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tv   BBC News  BBC News  November 6, 2021 6:00pm-6:31pm GMT

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this is bbc news. i'm lukwesa burak. this is bbc news, the headlines at six. former uk prime minister, sirjohn major, accuses borisjohnson�*s government of acting in a "shameful" manner — over the owen paterson row. i think the way the government handled that was shameful and wrong and unworthy of this or indeed any government. rapper travis scott says he's "absolutely devastated" by the eight deaths and dozens of injuries at the texas festival where he was performing and pledges "total support" to police investigation after a crowd surge. at least 99 people have died in an oil tanker explosion, in sierra leone after the lorry collided with another vehicle in the capital, freetown.
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tens of thousands of people march through glasgow — demanding new steps to tackle global warming — one of more than 100 climate protests taking place across the uk. we must demand that our readers stop meaningless summits and start taking meaningful action. more pressure on manchester united as they lose at home to neighbours manchester city in the derby — that and the rest of the day's sport in sportsday at half past six. the former conservative prime minister, sirjohn major,
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has strongly criticised the government, saying its attempt this week to overturn the suspension of a conservative mp, who'd beenjudged to have broken lobbying rules, was "shameful and wrong." he said the government's actions were "unworthy of this or any government," and fitted a pattern of behaviour that he believed, was "un—conservative." here's our political correspondent, chris mason. very few are granted the privilege of living here. and so the verdict of those that have on the man who now does matter. particularly when they are in the same party. and even more so when a former tory prime minister brands the current tory prime minister's government as perhaps politically corrupt. it seems to me as a lifelong conservative, that much of what they are doing is very un—conservative in its behaviour.
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there are many strands to this that go well beyond the standards committee imbroglio of the last few days, there is a general whiff of we are the masters now about their behaviour. it has to stop, and it has to stop soon. his referring to the former cabinet minister owen paterson, he was facing a 30 days commons suspension and the possibility of a by—election for breaking rules round the work he did for private companies alongside being an mp. but the government tried to block or delay that. until at least it changed its mind. i think the way the government handled that was shameful and wrong and unworthy of this or indeed any government. it also had the effect of trashing the reputation of parliament. if there is one man who knows a thing or two about how damaging sleaze can be to a government, it is sirjohn major, it came at least in part to define his time in office. and we should remember he is no fan of boris johnson, and hasn't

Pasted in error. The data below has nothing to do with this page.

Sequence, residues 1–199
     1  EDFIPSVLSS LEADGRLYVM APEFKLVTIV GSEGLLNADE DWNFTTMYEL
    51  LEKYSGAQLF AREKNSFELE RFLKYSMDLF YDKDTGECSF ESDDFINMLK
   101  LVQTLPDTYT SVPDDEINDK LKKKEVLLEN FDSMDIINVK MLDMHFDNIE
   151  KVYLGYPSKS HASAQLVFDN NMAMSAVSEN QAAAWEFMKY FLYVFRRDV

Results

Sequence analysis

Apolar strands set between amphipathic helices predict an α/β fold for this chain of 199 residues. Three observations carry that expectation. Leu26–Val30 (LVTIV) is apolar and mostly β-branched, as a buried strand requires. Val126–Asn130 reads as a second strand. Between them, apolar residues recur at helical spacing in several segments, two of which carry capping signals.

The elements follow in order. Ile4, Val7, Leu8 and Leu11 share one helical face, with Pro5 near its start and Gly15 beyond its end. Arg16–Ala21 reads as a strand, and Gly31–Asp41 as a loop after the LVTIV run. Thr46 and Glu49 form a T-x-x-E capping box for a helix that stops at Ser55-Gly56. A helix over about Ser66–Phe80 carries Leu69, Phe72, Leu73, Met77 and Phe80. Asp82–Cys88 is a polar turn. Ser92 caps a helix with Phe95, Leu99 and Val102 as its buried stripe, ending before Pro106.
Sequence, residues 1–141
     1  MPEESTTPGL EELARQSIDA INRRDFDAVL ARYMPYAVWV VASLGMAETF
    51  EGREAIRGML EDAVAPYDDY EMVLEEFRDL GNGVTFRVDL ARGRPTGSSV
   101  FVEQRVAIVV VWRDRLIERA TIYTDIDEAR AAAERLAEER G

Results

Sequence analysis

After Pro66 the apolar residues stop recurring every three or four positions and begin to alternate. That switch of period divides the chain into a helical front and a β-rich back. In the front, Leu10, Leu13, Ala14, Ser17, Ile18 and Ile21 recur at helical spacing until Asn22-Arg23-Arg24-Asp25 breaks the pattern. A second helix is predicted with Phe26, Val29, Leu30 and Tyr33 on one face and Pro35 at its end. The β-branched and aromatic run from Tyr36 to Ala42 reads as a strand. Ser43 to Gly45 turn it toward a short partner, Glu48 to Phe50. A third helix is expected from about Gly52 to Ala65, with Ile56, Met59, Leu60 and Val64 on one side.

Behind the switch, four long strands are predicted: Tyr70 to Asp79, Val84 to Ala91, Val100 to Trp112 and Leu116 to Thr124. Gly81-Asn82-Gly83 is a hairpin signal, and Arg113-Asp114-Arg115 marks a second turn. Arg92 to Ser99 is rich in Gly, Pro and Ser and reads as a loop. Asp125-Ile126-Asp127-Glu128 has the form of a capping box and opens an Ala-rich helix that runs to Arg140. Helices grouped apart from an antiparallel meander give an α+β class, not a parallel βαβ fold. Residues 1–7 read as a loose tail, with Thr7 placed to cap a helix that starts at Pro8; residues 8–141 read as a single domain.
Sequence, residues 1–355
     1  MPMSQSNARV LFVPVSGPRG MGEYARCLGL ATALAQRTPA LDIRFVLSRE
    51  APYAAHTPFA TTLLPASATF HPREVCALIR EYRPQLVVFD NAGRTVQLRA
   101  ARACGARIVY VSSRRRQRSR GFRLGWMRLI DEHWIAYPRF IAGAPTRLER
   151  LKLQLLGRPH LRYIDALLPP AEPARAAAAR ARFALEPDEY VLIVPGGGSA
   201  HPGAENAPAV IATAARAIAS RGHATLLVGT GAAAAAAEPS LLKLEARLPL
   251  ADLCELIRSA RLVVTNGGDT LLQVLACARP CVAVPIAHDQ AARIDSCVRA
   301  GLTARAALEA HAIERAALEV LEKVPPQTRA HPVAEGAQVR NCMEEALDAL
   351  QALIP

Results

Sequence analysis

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been for some time. nonetheless, it is quite something to hear a critique as wide parliament cannot be the plaything of any prime minister or indeed any government, this government has done a number of things that concern me deeply. they have broken the law, i have in mind the illegal prorogation of parliament which i went to the supreme court about. they have broken treaties, i have in mind the northern ireland protocol. they have broken their word, the one i find most odious was the cut in overseas aid. so if you are in the government now, what on earth do you say in response to all of this? obviously i disagree withjohn major, disagree with him on a few issues but in particular this one, i accept with hindsight the government
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has made this clear, that with hind sight it was a mistakes to try to bring that through on the timing we did, but it doesn't mean it wasn't the right thing to try to do. a statement added that ministers hoped to find a resolution to the northern ireland protocol, consensualy. this has without question been a bumpy few days for the government, entirely of its own making. as critics within the conservative party and beyond ask sharp questions about the prime minister's judgement. chris mason, bbc news at westminster. christopher hope is chief political correspondent and assistant editor at the daily telegraph — he told us that these comments byjohn major should be listened to. john major's comments really matter, he is a former tory prime minister, there aren't many of those, - so, when he say things, they count. in number ten, they will know he supported jeremy hunt - in the leadership campaign in 2019. he hated brexit, he campaigned i against brexit, or the way it turned i out, and it matters what he says. and he knows how damaging sleaze